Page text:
• Placement of tourniquet for longer than 1 min can result in venous stasis and changes in the concentration of plasma proteins to be measured. Platelet activation may also occur under these conditions, causing erroneous results.

• Vascular injury during phlebotomy can activate platelets and coagulation factors, causing erroneous results.

• Hemolyzed specimens must be rejected because hemolysis is an indication of platelet and coagulation factor activation.

• Hematocrit greater than 55% may cause falsely prolonged results because of anticoagulant excess relative to plasma volume.

• Incompletely filled collection tubes, specimens contaminated with heparin, clotted specimens, or unprocessed specimens not delivered to the laboratory within 1 to 2 hr of collection should be rejected.

• Icteric or lipemic specimens interfere with optical testing methods, producing erroneous results. 



The sensitivity and specificity of the assay varies among test kits and between test methods.

Increased in

d-Dimers are formed in inflammatory conditions where plasmin carries out its fibrinolytic action on a fibrin clot.

• Arterial or venous thrombosis



• Neoplastic disease

• Pre-eclampsia

• Pregnancy (late and postpartum)

• PE

• Recent surgery (within 2 days)

• Secondary fibrinolysis

• Thrombolytic or fibrinolytic therapy

Decreased in: N/A 


Problems Signs and Symptoms
Bleeding (related to alerted 
clotting factors secondary 
to anticoagulant therapy,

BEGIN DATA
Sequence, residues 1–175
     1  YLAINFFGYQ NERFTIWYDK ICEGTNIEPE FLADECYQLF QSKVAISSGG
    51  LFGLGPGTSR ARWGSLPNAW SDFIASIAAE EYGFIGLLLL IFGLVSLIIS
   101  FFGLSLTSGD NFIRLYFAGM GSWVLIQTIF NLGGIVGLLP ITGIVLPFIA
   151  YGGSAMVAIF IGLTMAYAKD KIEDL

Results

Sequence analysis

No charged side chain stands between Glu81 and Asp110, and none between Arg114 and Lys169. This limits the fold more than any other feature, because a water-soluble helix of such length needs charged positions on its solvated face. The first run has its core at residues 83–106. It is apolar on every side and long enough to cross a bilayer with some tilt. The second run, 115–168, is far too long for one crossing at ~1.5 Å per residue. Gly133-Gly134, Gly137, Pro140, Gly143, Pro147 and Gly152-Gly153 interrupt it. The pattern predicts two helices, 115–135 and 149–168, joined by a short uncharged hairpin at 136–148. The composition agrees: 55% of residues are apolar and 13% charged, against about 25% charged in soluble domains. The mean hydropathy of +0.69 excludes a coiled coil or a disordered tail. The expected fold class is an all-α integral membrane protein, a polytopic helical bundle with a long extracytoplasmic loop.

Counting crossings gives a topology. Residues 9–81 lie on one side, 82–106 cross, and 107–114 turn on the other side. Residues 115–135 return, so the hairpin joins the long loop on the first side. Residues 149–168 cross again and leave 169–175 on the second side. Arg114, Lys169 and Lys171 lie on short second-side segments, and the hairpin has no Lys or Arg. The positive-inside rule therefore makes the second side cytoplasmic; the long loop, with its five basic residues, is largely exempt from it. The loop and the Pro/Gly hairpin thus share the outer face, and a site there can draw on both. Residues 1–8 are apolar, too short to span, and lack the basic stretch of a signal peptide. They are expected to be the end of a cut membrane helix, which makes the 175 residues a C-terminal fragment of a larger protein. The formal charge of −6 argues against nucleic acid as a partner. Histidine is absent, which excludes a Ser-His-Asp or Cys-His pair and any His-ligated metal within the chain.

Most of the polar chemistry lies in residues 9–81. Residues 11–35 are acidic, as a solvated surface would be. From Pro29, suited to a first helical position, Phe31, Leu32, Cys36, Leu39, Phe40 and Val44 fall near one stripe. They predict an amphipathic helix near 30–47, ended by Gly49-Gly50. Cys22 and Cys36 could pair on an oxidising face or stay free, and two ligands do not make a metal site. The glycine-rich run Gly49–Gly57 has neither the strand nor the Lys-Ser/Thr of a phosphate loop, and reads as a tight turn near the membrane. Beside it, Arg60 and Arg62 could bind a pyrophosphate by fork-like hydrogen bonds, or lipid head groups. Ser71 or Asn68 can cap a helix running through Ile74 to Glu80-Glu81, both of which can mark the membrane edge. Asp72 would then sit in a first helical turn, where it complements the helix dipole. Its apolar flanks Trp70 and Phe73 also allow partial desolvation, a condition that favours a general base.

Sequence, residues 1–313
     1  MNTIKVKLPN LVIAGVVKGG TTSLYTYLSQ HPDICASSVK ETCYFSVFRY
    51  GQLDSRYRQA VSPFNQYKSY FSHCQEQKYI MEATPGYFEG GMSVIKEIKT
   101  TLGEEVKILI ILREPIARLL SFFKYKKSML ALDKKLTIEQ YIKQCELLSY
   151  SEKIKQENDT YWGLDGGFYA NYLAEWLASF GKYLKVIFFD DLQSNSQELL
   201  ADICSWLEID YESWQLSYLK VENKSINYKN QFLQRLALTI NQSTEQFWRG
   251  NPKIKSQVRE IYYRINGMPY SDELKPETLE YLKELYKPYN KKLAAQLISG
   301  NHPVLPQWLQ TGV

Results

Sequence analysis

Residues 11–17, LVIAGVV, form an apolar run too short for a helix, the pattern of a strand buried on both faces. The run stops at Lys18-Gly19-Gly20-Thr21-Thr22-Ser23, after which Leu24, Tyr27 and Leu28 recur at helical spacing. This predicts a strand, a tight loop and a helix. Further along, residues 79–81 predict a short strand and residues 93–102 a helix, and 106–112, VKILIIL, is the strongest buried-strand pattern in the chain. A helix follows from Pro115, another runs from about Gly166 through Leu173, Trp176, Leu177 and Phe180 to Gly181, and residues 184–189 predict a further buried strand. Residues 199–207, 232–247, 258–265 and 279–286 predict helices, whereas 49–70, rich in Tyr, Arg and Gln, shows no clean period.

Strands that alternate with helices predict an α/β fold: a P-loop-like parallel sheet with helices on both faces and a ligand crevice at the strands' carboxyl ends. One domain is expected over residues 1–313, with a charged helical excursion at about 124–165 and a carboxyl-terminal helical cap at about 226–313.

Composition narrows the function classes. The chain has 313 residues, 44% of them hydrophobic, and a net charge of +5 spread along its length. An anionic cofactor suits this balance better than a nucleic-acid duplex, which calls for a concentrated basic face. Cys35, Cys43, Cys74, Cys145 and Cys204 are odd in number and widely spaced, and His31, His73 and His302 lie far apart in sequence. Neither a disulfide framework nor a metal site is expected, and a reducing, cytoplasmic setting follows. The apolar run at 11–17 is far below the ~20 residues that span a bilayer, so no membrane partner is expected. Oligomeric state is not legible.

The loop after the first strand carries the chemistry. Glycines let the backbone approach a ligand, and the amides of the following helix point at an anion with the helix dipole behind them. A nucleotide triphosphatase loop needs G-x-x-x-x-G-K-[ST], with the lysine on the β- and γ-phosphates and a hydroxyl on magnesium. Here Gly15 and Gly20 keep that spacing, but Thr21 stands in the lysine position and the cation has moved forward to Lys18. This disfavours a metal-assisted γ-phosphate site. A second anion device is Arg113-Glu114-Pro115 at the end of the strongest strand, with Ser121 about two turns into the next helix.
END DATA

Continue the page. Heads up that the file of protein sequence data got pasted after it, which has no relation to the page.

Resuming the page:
depleted clotting factors)
Altered level of consciousness, hypotension, 
increased heart rate, decreased hemoglobin 
(Hgb) and hematocrit (Hct), capillary refill 
greater than 3 sec, cool extremities
Tissue perfusion (cerebral, 
peripheral, renal) (related to 
altered blood flow associated 
with platelet clumping)
Hypotension, dizziness, cool extremities, 
capillary refill greater than 3 sec, weak 
pedal pulses, altered level of consciousness.


Teaching the Patient What to Expect

➧ Inform the patient this test can assist in diagnosing and evaluating conditions affecting normal blood clot formation.

➧ Explain that a blood sample is needed for the test.


Treatment Considerations

➧ Bleeding: Increase frequency of vital sign assessment; note and trend variances in results. Administer ordered blood or blood products, and stool softeners. Evaluate stool for blood. monitor and trend Hgb and Hct. Assess skin for petechiae, purpura, or hematoma; monitor for blood in emesis or sputum; and administer prescribed medications (recombinant human activated protein C; epsilon aminocaproic acid).

➧ Tissue Perfusion: Monitor blood pressure and assess for dizziness. Check skin temperature for warmth. Assess capillary refill and pedal pulses, and monitor level of consciousness. Administer prescribed vasodilators and inotropic drugs; provide oxygen as required.

Safety Considerations

➧ Institute bleeding precautions; prevent unnecessary venipuncture, avoid intramuscular injections, prevent trauma, be gentle with oral care, and avoid use of a sharp razor.

Nutritional Considerations

➧ Encourage intake of foods rich in vitamin K such as green leafy vegetables, brussels sprouts, asparagus, cucumbers, and dried prunes. 

Follow-Up, Evaluation, and Desired Outcomes

➧ Understands that following bleeding precautions can decrease injury risk.